A remarkably complete fossil skull of an infant ape, nicknamed Alesi, who lived about 13 million years ago in Kenya may reveal how the common ancestor of all living apes and humans looked like, scientists say. Among living primates, humans are most closely related to the apes, including chimpanzees, gorillas, orangutans and gibbons, but little is known about their last common ancestor. “We’ve got many spectacular fossil finds showing how humans evolved in Africa over the last six to seven million years, since our lineage split from that of the chimpanzees,” said Fred Spoor, professor at University College London in the UK.
“However, the evolution of the common ancestors of living apes and humans before 10 million years ago remains elusive,” said Spoor. “Until now, relevant fossils are scarce and incomplete which is why this new discovery is extremely important for furthering our knowledge,” he said. The ape fossil, nicknamed Alesi by its discoverers, and known by its museum number KNM-NP 59050, comes from a critical time period in the African past. It is the most complete known in the fossil record and was spotted in 13 million year-old rock layers in the Napudet area, west of Lake Turkana in northern Kenya, by Kenyan fossil hunter John Ekusi in 2014. Analysis of the skull indicates that the specimen belonged to a new species called Nyanzapithecus alesi, named after the Turkana word for ancestor “ales.” “Nyanzapithecus alesi was part of a group of primates that existed in Africa for over 10 million years. What the discovery of Alesi shows is that this group was close to the origin of living apes and humans and that this origin was African,” said Isaiah Nengo, of the Turkana Basin Institute.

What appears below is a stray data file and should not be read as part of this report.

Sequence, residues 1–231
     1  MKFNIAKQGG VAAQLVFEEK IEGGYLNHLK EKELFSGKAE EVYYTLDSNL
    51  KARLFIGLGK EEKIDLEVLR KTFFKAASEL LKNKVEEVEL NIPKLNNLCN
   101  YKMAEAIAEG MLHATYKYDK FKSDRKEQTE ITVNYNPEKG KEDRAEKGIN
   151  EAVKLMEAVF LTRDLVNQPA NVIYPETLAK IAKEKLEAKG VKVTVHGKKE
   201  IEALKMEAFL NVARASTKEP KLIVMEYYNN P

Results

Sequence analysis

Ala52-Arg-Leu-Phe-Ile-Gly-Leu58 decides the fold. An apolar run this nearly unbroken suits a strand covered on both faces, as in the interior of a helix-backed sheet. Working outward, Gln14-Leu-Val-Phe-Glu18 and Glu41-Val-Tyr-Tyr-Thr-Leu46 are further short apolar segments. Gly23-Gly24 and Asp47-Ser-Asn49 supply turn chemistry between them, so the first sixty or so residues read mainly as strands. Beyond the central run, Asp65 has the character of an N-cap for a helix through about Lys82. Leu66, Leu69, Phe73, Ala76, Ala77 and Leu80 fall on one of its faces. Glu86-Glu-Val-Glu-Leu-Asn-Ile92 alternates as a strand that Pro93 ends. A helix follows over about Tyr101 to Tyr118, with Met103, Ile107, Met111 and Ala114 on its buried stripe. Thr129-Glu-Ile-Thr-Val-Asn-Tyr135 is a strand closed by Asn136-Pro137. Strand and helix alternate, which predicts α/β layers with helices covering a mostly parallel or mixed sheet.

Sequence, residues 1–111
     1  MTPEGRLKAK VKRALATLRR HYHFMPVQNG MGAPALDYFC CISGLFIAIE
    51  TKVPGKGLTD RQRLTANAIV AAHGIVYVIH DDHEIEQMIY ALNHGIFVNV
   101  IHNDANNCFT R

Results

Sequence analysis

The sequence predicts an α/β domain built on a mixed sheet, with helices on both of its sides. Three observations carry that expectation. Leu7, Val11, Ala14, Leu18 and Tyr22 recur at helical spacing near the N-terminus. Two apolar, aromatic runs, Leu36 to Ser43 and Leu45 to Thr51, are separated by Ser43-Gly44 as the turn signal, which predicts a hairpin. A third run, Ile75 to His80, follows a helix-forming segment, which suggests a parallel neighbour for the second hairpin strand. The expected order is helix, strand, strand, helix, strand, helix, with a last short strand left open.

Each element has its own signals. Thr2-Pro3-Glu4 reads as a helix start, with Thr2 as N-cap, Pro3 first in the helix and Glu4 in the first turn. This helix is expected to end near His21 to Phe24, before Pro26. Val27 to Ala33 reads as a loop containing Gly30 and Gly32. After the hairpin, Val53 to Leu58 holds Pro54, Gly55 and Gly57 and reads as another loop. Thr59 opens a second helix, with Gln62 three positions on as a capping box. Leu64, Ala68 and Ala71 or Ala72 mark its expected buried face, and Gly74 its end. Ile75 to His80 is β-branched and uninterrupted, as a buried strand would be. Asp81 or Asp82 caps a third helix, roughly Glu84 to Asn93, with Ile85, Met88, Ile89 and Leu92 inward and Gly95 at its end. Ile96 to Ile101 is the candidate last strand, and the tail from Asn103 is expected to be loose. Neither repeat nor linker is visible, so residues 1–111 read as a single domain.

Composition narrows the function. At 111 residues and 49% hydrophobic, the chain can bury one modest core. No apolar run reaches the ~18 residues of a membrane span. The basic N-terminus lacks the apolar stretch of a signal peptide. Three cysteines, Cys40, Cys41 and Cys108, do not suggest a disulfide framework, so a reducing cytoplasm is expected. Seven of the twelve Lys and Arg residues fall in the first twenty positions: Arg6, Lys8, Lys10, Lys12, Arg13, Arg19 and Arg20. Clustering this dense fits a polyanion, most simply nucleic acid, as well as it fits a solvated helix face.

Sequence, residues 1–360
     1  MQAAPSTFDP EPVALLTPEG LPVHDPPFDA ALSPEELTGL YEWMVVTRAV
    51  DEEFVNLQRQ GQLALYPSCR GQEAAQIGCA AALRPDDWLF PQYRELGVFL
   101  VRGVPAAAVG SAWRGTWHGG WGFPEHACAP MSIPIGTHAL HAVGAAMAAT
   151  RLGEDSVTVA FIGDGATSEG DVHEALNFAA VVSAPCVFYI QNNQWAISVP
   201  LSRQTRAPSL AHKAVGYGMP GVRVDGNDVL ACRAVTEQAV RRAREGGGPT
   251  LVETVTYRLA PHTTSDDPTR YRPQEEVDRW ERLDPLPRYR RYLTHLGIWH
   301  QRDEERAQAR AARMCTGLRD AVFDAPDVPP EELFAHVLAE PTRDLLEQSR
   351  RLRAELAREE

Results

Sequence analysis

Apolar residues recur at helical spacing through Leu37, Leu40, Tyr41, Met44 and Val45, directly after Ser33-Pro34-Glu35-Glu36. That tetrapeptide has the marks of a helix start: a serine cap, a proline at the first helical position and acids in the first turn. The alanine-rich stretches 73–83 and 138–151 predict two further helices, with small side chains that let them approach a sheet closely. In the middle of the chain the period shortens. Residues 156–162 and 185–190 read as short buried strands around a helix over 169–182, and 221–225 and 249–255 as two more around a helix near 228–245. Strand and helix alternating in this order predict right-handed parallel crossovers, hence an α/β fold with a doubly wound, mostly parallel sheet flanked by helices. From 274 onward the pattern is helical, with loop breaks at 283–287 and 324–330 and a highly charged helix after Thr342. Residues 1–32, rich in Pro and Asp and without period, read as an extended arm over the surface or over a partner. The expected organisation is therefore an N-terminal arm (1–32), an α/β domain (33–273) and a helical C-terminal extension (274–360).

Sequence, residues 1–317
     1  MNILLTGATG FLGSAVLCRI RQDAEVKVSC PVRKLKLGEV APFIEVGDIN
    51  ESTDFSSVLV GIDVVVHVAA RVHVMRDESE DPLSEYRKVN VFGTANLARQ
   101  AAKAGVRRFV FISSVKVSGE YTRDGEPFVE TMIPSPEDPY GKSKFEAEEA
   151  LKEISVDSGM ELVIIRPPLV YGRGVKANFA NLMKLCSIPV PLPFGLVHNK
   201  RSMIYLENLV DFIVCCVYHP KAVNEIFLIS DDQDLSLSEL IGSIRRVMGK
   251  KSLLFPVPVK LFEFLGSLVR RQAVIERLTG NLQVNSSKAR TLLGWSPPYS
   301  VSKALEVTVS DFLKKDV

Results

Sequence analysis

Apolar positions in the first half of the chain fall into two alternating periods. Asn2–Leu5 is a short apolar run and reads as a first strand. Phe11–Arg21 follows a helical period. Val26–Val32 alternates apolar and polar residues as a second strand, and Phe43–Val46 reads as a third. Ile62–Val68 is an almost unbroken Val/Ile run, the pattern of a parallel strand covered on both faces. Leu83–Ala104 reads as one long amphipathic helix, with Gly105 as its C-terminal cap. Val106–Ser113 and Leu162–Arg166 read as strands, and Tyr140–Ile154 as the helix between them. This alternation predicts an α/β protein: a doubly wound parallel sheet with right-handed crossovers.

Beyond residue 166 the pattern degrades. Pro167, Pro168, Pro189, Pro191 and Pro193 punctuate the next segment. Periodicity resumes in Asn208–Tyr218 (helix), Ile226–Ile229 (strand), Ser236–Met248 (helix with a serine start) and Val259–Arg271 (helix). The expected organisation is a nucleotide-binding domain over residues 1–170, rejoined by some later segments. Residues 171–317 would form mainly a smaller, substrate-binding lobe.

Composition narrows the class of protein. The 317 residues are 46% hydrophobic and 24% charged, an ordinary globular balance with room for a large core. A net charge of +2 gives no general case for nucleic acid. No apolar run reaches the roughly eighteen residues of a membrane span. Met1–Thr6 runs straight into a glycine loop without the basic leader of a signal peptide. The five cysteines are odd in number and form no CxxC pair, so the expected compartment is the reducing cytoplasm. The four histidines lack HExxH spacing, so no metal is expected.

Many of the most informative parts of the skull are preserved inside the fossil, and to make these visible the team used an extremely sensitive form of 3D X-ray imaging at the synchrotron facility in France. “We were able to reveal the brain cavity, the inner ears and the unerupted adult teeth with their daily record of growth lines,” said Paul Tafforeau from the European Synchrotron Radiation Facility. “The quality of our images was so good that we could establish from the teeth that the infant was about one year and four months old when it died,” said Tafforeau. “Until now, all Nyanzapithecus species were only known from teeth and it was an open question whether or not they were even apes,” said John Fleagle from Stony Brook University in the US.
Alesi’s skull is about the size of a lemon, and with its notably small snout it looks most like a baby gibbon. “This gives the initial impression that it is an extinct gibbon; however, our analyses show that this appearance is not exclusively found in gibbons, and it evolved multiple times among extinct apes, monkeys, and their relatives,” said Chris Gilbert from Hunter College in the US. That the new species was certainly not gibbon-like in the way it behaved could be shown from the balance organ inside the inner ears. “Gibbons are well known for their fast and acrobatic behaviour in trees, but the inner ears of Alesi show that it would have had a much more cautious way of moving around,” said Spoor.